Our love of love and our high expectations that it will somehow make life complete seem to be an integral part of the experience….It makes little difference that in the past love has often shown itself to be painful and disturbing. There is something renewing in love…So, maybe it is better not to become too jaded by love’s suffering and dead ends, but rather to appreciate that emptiness is part of love’s heritage and therefore its very nature. It isn’t necessary to make strong efforts to avoid past mistakes or to learn how to be clever about love….

Relationships are a paradox, when you feel a strong desire for union, an opposite desire lies in the background. The more you press for connection, the more you may settle yourself up for disconnection. It isn’t enough just to be aware of the paradox. You have to give something to both sides. If you get married or live with someone, you might also give serious attention to your need for separation from time to time. You don’t hold back your love and involvement, but you understand that you need your solitariness and individuality as well. You have to be subtle, loving your partner and loving yourself, or very soon you may find yourself in a dark night.

Apparently it isn’t enough to make a human marriage. In order to fulfill its need for divine coupling, the soul needs something less tangible than a happy home…In marriage we may not all need a fully functioning home, several children, a hefty bank account. These human goals may even stand in the way of the more mysterious needs of the soul…and….oddly, the attempts of many married people to create an affluent environment might even be the cause of marital failure, because the point in marriage is not to create a material, human world, but rather to evoke a spirit of love that is not of this world.

Couples who sense flat and cool moods descending on them might ask each other not why this is happening, but what is it asking of them…If we can see our relationship problems as signs that the soul is trying to move, we might give them more positive attention, leaving behind attitudes of repair and mendings and our whole feeling about the relationship may remain loyal and attached, even when it seems to be in trouble…Pathology is the voice of a god or goddess trying to get our attention…Dealing with pathology in relationship requires enormous faith in ourselves, and in the process of soul, and in the person we love….

Romantic love is one of the most powerful means for pulling us out of literal life into play. In the trance of love of love, we may neglect life duties and obligations, we may make heroic efforts to be with our beloved..To be in love is to be in play, to be taken by it’s illusions….From the point of the view of the soul, romantic love is trustworthy because the literal concerns of life are set aside. The soul has room to go into action, and its action is always in the nature of play...and…in our childish attachment to romance we are championing the way of the soul, its thirst for pleasure, and its inescapable need for experiences that may or may not be conducive to productive lives...and…no matter how unrealistic in relation to the structures of life, no matter how illusory and dangerous, romantic love is as important to the soul as any other kind of love….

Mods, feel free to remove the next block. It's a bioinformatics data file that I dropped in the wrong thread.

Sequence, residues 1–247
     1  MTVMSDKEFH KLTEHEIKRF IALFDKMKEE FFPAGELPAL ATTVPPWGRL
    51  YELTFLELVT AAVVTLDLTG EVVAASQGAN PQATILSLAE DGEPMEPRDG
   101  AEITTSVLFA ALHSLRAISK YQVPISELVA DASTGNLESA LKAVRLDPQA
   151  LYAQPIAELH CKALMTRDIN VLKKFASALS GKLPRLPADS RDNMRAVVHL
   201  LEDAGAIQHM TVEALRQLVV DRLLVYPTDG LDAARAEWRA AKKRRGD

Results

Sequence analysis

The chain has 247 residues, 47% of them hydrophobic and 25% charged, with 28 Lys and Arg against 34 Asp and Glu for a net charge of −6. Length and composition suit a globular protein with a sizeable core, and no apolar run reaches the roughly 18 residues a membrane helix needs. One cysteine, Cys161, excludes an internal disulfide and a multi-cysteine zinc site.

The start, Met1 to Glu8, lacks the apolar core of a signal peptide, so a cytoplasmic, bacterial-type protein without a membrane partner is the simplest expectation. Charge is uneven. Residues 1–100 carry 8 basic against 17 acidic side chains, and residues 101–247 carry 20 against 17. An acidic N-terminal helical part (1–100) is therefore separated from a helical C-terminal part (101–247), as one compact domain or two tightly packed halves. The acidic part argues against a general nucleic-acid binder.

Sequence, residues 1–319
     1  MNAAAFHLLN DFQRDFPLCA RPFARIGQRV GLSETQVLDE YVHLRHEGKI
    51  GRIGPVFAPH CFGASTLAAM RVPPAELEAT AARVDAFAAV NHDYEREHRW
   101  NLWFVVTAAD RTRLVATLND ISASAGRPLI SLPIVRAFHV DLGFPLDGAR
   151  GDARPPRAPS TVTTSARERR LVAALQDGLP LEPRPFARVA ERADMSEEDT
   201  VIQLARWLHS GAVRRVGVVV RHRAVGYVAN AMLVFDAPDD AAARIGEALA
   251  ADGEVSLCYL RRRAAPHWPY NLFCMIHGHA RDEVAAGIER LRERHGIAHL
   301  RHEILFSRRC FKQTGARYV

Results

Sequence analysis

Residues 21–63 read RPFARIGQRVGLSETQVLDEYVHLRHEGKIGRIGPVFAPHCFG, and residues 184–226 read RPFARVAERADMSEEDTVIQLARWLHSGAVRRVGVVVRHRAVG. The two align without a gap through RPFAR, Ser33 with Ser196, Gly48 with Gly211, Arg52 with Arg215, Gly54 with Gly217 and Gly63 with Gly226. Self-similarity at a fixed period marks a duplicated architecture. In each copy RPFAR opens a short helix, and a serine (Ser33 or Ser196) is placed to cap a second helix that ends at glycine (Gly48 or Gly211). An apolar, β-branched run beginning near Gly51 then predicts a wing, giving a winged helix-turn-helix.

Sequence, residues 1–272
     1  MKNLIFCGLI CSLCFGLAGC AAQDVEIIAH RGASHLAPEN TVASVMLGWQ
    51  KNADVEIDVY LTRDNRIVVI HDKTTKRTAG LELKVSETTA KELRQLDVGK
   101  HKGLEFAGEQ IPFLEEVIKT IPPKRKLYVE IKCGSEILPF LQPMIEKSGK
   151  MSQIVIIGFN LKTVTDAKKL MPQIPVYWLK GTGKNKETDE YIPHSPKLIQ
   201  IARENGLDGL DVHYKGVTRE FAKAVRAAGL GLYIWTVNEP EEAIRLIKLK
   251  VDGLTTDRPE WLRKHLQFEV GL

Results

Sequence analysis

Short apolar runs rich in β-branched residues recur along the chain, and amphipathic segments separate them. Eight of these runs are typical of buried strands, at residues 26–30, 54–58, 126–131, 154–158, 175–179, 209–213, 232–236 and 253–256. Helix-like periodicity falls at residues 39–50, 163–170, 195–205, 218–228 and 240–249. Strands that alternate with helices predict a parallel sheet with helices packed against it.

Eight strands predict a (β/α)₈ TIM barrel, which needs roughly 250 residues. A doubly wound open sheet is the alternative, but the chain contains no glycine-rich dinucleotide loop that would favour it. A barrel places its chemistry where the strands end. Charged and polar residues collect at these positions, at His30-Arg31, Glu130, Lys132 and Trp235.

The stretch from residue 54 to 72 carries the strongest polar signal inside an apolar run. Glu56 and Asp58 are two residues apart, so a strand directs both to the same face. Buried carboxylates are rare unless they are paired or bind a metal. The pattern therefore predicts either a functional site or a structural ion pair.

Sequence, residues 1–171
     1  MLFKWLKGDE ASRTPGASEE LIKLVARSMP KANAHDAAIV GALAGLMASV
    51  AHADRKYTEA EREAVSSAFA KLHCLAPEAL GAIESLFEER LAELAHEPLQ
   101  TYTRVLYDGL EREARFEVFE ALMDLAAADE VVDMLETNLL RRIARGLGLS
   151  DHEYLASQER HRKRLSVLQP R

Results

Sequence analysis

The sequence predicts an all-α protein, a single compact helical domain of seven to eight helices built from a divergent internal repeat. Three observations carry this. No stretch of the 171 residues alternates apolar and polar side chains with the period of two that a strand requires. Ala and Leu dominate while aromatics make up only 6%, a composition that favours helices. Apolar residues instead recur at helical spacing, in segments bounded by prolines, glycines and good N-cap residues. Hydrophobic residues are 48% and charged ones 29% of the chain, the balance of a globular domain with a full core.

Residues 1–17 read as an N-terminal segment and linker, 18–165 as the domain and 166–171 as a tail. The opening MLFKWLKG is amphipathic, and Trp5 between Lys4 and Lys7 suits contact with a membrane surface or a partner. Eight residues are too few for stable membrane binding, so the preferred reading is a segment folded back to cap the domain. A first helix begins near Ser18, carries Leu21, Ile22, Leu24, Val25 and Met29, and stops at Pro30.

The soul wants to be attached, involved, and even stuck, because through it is through such intimacy is nourished, initiated, and deepened…It is also important to remember that it would be a mistake to honor attachment as the “only” inclination of the soul in relationships. As strong as the yearning for attachment is, there is obviously something else in us that yearns for solitude, freedom, and detachment.

Unless we deal with the shadow of love, our experience of it will be incomplete. A sentimental philosophy of love, embracing only the romantic and the positive, fails at the first sign of shadow…Love finds its soul in the feelings of incompleteness, impossibility, and imperfection.

Intimacy doesn’t appear ready-made, it must be refined into something truly valuable…Intimacy and intuition about the soul, is raw, and if we understand this, then, we might forgive ourselves and others for not being quick to handle relationships with grace. We might see that many problems are not due to one person’s maliciousness but to the law that the soul stuff is given in unrefined lumps and requires a long process of sorting, shaping, refining, and even transmuting…

The soul of a relationship doesn’t ask for the right ways of acting. It wants something even more difficult, respect for its autonomy and mystery. The soulful relationship asks to be honored for what it is, not for what we wish it could be. It has little to do with our intentions, expectations, and moral requirements. It has the potential to lead us into the mysteries that expand our hearts and transform our thoughts, but it can’t do that when our primary interest is in pursuing our cherished ideologies of love, family, marriage, and community. The point is a relationship is not to make us feel good, but to lead us into a profound alchemy of soul that reveals to us the many ways and openings that are the geography of our own destiny and potentiality.

Focusing exclusively on life, we may give too much value to compatibility. Differences between people may give more to a friendship than what is held in common, precisely because the soul is so unique.

Soulful intimacy is not to be found in clean, well-structured, meaningful, unperturbed, ideal unions, if such a union even exists. Perfection may well appeal to the mind, or to the part of us that craves spiritual transcendence, but soul doesn’t establish a home there. For some perverse reason, it prefers the colors, the tones of mood, the aberrations of fantasy, and the shades of disillusionment.